Neil wrote: That's none of your business, since it's logically irrelevant, but I'll indulge you anyway since it suggests a good question: I don't know, since rich is a highly relative term. I have no idea what you mean by it. Am I rich in the sense Jesus intended
Thats a cop out! Everybody in your town can work out who is rich and who is poor probably from something as simple as your address. But you're still defending the wealth group so I'll have to make my own mind up there. As for Jesus words and teachings at that part of Scripture, he was an unemployed carpenter with no house of His own. That identifies His status and absolutely identified the status of the rich man. All it takes is to look at the local community with your eyes open.
Remember Jesus' warning Neil. 21 Jesus said unto him, If thou wilt be perfect, go and sell that thou hast, and give to the poor, and thou shalt have treasure in heaven: and come and follow me. And; 23 Then said Jesus unto his disciples, Verily I say unto you, That a rich man shall hardly enter into the kingdom of heaven. 24 And again I say unto you, It is easier for a camel to go through the eye of a needle, than for a rich man to enter into the kingdom of God.
Neil wrote: Irrelevant; they were still rich, & Jesus didn't qualify it the way you do, that generousity makes it less impossible to enter the Kingdom. You're adding to Christ's teaching. ... then we still should refrain from censuring modern rich people....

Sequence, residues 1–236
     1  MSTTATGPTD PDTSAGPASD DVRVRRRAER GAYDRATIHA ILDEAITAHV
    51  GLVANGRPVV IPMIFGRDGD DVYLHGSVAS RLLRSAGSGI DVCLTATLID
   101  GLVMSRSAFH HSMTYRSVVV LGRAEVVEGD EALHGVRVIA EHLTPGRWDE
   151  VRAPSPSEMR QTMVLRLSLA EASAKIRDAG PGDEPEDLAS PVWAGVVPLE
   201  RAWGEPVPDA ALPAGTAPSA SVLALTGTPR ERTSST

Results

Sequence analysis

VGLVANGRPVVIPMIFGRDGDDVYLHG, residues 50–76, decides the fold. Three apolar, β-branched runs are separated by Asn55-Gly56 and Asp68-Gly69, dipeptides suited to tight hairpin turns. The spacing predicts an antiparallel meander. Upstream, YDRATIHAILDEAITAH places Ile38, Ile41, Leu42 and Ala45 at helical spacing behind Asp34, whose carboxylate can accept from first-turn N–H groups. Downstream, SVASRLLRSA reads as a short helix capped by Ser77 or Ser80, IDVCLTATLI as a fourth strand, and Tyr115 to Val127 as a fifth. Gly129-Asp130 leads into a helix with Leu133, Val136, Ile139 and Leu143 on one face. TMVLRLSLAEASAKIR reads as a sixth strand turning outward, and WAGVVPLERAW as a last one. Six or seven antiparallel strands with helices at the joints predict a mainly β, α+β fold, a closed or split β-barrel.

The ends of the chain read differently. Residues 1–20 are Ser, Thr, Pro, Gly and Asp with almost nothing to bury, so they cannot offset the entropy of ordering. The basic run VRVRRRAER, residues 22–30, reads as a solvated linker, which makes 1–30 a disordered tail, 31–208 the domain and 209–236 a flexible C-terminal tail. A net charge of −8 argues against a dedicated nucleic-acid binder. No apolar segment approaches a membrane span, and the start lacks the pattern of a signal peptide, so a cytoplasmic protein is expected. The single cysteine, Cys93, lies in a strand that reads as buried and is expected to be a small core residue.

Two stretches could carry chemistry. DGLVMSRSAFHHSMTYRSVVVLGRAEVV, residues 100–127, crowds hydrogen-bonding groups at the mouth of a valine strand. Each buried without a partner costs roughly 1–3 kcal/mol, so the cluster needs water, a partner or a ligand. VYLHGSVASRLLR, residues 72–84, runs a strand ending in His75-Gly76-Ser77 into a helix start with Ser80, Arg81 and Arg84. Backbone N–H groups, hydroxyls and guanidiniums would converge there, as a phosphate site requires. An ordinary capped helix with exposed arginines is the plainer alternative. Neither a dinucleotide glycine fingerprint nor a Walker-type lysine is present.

No it is not "irrelevant" it is specifically pertinent to the very condition which Jesus Himself brings out.
BTW Are you a rich man? is that why you are defending the "wealthy" as a group?
Neil wrote: So what should we make of Abraham & Job? Whether they were generous or not makes no difference.
Abraham and Job had such faith as to have ordained them to absolute trust in God. Thus without doubt (no speculation) they would have been excellent stewards of God's providence unto them. All that they owned would have belonged to God in their eyes. Therefore they literally possessed no wealth on earth. Their "generosity" would have been from the Spirit and not from any claim held by them to life or possessions.
Job's words; Job 2:10 But he said unto her, Thou speakest as one of the foolish women speaketh. What? shall we receive good at the hand of God, and shall we not receive evil? In all this did not Job sin with his lips.
Neil wrote: But you twist the intent of His teaching into a commentary on the evils of wealth. It is not
Matt 19:24 "I say unto you, It is easier for a camel to go through the eye of a needle, than for a rich man to enter into the kingdom of God."
Matthew Henry Commentary; (Matt 19) "This is vehemently asserted by our Saviour, v. 23, 24. He said this to his disciples, who were poor, and had but little in the world, to reconcile them to their condition with this, that the less they had of worldly wealth, the less hindrance they had in the way to heaven. Note, It should be a satisfaction to them who are in a low condition, that they are not exposed to the temptations of a high and prosperous condition: If they live more hardy in this world than the rich, yet, if withal they get more easily to a better world, they have no reason to complain. This saying is ratified, v. 23. Verily I say unto you. He that has reason to know what the way to heaven is, for he has laid it open, he tells us that this is one of the greatest difficulties in that way. It is repeated, v. 24. Again I say unto you. Thus he speaks once, yea, twice that which man is loth to perceive and more loth to believe."